As Donald Trump prepares to be sworn in as the 45th president of the United States, teachers across the country are deciding how to handle the inauguration in class.
It’s a historic moment that is a ready-made civics lesson. Teachers across the country are even taking their students to Washington to see it firsthand. But given some of Trump’s inflammatory campaign rhetoric, and the polarizing nature of the election, some teachers are unsure what to do this year.
In one example that has stoked internet outrage, a 4th grade teacher in Williamston, Mich., has announced that he will not be showing Trump’s inauguration speech in class, despite showing the inauguration speeches of previous presidents.
“Because I am concerned about my students and your children being exposed to language and behavior that is not in concert with the most conservative social and family values, I have decided to show the inauguration of Donald Trump this Friday, but we will not view Mr. Trump’s inauguration speech,” Matt Meteyer wrote in an email to parents, which was posted on the website of the syndicated radio host Steve Gruber.
Meteyer wrote that he asked Trump’s team for an advance copy of the inauguration speech to preview the content, but he has not heard back.
“I showed the speeches of Presidents Obama and Bush in 2009 and 2005, respectively, but I am anxious about showing Mr. Trump’s inaugural address, given his past inflammatory and degrading comments about minorities, women, and the disabled,” he continued in his letter to parents. “I am also uneasy about Mr. Trump’s casual use of profanity, so I sought an assurance that as their teacher, I would not be exposing children to language that would not appear in G- or PG-rated movies.”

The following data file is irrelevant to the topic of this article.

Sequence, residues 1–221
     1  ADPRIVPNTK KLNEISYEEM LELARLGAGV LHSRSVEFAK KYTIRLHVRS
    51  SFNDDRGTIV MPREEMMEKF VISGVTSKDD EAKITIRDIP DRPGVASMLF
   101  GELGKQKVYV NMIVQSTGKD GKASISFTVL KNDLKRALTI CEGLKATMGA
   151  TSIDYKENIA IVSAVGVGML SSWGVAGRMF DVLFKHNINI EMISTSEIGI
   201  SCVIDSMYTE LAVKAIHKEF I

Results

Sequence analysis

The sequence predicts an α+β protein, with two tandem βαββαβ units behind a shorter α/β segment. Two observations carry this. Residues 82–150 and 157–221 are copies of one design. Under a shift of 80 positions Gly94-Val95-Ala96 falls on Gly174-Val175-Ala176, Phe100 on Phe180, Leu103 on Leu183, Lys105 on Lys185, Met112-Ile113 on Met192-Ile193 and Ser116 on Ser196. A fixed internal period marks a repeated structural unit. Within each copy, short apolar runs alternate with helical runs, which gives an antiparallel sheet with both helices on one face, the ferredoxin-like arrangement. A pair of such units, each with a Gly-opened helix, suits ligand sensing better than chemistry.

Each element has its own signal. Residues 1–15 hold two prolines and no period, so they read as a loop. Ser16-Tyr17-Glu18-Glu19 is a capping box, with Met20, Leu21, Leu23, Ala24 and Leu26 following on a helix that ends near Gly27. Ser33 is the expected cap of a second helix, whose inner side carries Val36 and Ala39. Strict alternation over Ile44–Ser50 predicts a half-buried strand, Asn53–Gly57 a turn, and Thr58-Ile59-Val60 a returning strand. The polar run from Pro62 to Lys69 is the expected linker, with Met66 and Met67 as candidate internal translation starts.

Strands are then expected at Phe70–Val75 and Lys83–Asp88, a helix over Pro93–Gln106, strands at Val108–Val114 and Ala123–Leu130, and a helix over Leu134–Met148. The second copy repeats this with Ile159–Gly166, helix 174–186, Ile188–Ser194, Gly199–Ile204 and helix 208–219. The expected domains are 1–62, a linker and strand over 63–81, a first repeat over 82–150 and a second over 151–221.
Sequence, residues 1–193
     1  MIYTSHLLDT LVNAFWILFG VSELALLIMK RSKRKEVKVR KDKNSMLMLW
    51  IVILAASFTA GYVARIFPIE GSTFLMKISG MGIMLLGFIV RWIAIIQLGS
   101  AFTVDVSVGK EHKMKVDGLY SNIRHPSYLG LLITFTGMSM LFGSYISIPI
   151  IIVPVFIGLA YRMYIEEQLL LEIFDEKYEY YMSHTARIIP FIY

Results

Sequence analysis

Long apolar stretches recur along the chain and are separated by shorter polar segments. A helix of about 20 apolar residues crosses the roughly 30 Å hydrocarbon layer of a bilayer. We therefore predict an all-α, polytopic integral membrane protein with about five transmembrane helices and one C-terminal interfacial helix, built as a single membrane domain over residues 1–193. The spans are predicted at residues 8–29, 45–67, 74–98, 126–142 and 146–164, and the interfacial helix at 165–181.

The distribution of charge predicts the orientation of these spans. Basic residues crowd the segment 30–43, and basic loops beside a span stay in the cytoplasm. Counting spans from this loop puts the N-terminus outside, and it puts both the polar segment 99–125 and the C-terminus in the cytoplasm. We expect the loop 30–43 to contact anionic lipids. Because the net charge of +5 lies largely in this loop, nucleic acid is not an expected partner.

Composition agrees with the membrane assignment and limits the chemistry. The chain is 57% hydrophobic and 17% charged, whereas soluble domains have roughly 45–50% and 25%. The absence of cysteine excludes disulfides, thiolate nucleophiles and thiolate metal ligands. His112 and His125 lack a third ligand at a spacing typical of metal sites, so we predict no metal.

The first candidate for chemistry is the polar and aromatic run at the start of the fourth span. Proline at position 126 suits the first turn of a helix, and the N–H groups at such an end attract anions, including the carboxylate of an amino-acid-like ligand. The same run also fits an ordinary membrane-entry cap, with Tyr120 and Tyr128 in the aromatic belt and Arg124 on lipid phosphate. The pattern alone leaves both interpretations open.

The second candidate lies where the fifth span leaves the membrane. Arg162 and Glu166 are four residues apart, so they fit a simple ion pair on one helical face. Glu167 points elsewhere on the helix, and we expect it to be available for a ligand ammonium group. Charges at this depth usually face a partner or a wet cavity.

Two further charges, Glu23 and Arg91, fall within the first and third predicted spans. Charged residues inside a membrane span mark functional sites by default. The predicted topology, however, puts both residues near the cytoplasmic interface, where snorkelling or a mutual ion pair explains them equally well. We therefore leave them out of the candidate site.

The letter has gone viral, with some people applauding Meteyer’s discretion and others calling the decision censorship and inappropriate in public schools.
According to the Detroit Free Press, the district superintendent wrote a letter to families saying that teachers are expected to be balanced in their instruction and appropriate in their communications with families. The district is not commenting, however, on this specific instance.
The Atlanta Journal Constitution reported that districts across the Atlanta metro area are leaving it up to teachers to decide whether they will play the inauguration in class, but some officials have offered guidance to teachers. For example, don’t share your personal political beliefs. Keep the inauguration grounded in curriculum. Make sure students are respectful to each other.
Teaching Tolerance, an education project of the Southern Poverty Law Center, also compiled a guide to teaching the inauguration, with educational resources and activities.
Teachers, how will you address the inauguration in class? Share your plan in the comments.
Image credit: Evan Vucci/AP
A version of this news article first appeared in the Teaching Now blog.